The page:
This is no soft and cuddly bunny rabbit. For this Bunny has scratched and clawed for survival in the back alleys of Brooklyn and she’s ready to come out of her hole. While like most bunny rabbits, she “flops and fucks in the motherfuckin’ nature shit,” decidedly, there are few other similarities between the popular pet and the Brooklyn diva. Her debut effort Lovers and Crypts is a brash affair, and not for the faint of heart.
With her bleached blonde hair, outrageous wardrobes, and affinity for vivid language, Bunny is sure to evoke polar reactions from listeners. One certain advantage is her oh-so-sweet voice that lends stability to Lovers and Crypts, which at times can be just plain filthy. It’s her alluring tone that has the ability to draw one to drool, but alas, don’t get your hopes up, as her cohort on the album Black Cracker (Celena Glenn) is not only her partner musically, but in life as well. The connection translates well on Lovers and Crypts, with Bunny Rabbit issuing the rhymes and Black Cracker handling the production and providing timeless beats that carve a diverse landscape into the album.
The formula for Lovers and Crypts is simple. Take one part mellow and three parts crude and set it to a backdrop of respectable beats. From the onset of the first track (“Saddle Up”), the silky smooth voice is incurred and the true nature of the album is evident. Lovers and Crypts is a club ready fusion of gangsta rap and rock. Given the frequently graphic subjects on L & C, the safest tracks, “Lucky Bunny Foot” and “Saddle Up” are destined to earn the billing of singles, but that’s not to diminish the remaining songs on the album. The former track is an anthemic dance number complete with the ever-popular hip-hop commands of “wild out” and “do the damn thing.” The latter is an infectious track that is more representative of L & C than its counterpart and is likely to be pushed by label Voodoo-EROS. Much of Lovers and Crypts hinges on the combination of Bunny’s melodic croons, abuse of third person, and “did she just say that?” shock value. “Dirty Dirt” is a playful tune bound to leave one giggling, ostensibly from the discovery of a new role model. “It Ain’t Easy” follows suit as a lively lullaby with plenty of objectionable nomenclature to boot. Not to be outdone is “Rio Grande,” a song straight from a thug’s book of nursery rhymes, and affirming what we’ve already concluded (“The Devil plays hopscotch on [her] block“), is the title track, “Lovers and Crypts”. As if all this doesn’t leave you smirking, there’s always the disclaimer track “Pussy Queen” that proclaims an essential truth, “We all feel the steam from the Pussy Queen” (but don’t we?), a track surely worthy of play in the world’s finest strip clubs.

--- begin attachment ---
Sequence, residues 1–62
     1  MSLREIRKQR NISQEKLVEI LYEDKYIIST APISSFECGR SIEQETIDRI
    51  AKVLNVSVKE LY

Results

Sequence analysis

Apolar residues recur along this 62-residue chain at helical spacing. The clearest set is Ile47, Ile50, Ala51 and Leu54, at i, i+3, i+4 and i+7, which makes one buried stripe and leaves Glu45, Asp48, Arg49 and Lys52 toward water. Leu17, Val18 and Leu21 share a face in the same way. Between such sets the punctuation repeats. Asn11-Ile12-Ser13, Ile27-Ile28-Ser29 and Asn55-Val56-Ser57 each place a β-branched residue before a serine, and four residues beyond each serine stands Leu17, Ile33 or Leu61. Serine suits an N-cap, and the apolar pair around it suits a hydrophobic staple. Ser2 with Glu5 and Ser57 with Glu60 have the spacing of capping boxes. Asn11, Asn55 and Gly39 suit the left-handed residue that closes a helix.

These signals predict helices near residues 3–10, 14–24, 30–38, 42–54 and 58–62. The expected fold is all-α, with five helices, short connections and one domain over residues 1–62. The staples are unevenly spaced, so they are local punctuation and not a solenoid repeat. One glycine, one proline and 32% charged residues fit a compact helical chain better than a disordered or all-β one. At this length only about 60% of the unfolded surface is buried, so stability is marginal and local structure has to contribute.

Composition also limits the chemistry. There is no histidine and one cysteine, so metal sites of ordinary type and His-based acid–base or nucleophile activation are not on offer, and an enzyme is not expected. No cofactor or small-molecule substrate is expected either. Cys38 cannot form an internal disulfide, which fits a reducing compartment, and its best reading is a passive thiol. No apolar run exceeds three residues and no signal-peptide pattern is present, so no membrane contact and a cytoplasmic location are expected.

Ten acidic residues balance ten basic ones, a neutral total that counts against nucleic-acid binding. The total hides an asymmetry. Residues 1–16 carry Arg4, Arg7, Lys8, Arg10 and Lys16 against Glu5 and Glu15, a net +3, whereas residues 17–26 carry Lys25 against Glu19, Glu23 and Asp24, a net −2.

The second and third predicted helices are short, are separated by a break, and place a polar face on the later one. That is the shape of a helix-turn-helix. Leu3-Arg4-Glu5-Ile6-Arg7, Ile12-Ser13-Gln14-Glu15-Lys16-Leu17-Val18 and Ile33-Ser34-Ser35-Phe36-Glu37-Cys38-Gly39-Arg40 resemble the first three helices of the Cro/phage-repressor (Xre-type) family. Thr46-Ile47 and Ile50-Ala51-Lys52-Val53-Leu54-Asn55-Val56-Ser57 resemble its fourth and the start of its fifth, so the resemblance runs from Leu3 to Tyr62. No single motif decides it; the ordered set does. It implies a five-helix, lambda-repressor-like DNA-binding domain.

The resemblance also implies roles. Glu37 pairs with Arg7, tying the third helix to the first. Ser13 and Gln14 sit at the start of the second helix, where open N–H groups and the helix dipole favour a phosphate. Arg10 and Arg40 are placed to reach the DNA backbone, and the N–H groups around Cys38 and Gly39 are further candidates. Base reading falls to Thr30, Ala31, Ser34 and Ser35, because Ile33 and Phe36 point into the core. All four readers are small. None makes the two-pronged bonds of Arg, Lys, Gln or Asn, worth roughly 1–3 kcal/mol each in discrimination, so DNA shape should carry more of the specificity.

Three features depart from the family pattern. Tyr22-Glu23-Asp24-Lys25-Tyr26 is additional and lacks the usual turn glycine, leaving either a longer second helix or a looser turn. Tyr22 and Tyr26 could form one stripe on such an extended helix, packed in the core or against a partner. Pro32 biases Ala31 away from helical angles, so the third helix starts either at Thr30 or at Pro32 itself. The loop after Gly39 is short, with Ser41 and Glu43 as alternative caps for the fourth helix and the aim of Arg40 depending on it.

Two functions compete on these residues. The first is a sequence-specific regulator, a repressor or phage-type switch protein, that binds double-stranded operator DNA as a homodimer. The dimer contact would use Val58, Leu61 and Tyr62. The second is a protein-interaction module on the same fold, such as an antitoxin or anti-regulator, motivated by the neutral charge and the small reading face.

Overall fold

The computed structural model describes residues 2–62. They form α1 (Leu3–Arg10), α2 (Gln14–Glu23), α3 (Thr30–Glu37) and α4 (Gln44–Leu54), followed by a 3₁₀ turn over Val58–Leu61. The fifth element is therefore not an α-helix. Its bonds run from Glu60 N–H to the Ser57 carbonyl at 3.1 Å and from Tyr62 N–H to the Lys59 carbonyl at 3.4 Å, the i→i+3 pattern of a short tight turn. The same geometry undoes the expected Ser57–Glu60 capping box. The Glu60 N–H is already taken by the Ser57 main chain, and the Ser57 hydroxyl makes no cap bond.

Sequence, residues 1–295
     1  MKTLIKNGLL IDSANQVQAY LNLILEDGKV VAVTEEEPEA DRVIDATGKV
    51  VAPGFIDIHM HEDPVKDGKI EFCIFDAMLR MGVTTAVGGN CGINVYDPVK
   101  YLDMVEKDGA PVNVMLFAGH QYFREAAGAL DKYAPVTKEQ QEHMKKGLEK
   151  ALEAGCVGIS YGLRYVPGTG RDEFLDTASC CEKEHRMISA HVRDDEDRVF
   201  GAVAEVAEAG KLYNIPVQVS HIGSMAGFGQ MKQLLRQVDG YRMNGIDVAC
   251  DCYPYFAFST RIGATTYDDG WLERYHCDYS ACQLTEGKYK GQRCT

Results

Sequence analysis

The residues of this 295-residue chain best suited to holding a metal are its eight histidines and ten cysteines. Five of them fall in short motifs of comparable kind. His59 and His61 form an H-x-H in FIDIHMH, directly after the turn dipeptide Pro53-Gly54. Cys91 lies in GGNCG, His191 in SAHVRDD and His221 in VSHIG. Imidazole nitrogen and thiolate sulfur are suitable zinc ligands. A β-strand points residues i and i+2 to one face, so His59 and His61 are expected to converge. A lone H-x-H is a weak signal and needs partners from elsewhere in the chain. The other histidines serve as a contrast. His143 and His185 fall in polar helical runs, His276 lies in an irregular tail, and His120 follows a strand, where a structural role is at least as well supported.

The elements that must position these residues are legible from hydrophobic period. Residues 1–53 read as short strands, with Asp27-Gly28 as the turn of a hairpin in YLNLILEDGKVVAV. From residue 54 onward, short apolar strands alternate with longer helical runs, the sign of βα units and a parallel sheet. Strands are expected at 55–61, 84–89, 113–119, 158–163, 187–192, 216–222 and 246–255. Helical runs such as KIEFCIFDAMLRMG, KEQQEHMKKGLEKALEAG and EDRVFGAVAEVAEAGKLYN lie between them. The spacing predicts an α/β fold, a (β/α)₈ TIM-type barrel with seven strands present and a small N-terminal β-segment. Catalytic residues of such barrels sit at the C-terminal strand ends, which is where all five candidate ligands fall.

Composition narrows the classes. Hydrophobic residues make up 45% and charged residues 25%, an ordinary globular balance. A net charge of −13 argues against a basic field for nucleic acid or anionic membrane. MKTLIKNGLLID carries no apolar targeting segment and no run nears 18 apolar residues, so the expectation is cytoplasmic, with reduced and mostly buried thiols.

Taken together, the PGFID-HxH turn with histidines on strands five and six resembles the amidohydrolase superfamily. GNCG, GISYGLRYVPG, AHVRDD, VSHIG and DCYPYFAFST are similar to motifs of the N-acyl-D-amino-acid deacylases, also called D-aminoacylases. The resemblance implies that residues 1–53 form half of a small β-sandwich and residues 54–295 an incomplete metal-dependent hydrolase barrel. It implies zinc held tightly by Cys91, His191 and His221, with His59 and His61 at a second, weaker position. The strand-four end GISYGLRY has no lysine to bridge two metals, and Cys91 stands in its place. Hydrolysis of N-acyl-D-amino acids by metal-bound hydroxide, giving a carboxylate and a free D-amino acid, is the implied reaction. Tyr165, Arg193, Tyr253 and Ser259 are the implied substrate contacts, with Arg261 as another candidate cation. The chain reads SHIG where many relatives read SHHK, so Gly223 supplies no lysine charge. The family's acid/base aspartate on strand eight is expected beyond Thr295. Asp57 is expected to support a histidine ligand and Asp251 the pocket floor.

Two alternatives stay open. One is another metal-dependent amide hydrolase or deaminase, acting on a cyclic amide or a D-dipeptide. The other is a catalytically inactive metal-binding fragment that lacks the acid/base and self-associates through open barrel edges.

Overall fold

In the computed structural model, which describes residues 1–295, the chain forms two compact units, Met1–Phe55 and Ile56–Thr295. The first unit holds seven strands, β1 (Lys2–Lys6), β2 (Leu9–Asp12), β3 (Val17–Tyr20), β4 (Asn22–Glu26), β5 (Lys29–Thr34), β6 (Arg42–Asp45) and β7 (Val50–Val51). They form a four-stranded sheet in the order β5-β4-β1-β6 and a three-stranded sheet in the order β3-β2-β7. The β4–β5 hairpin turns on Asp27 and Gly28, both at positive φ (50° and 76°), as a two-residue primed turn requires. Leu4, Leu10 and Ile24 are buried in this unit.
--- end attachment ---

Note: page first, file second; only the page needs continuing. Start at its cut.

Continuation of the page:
With an album so in your face there are more than a few ill-advised moments, but it shouldn’t be held against the O.B. (Original Bunny). Bunny Rabbit’s selling point on Lovers and Crypts is the fact that this is a genuine extension of her person and all the bravado and shock employed is clearly not an act. While it’s in the nature of the album to ruffle feathers, the free spirit of the music is captivating to even the most uptight of critics. There are both truths and uncertainties that exist about L & C. Most likely, your lady is bound to love Bunny Rabbit and at the minimum Lovers and Cryptscan be classified as a guilty pleasure. Fun is the name of the game through and through, but one must know their audience when introducing the album to others (Hint: Don’t play “Dirty Dirt” in the car with your mother). It is hard to gauge the response Bunny Rabbit will garner, given the usual dismissal of white female rapper-types and the contrasting success of shockers like Peaches, whom Bunny is inevitably bound to be compared to. Given the glammed-up presentation of the album, it is a clear indication that this not a half-hearted effort. Just how well Lovers and Crypts will fare commercially is anyone’s guess.
Peaches – The Teaches of Peaches
M.I.A – Arular
Lady Sovereign – Public Warning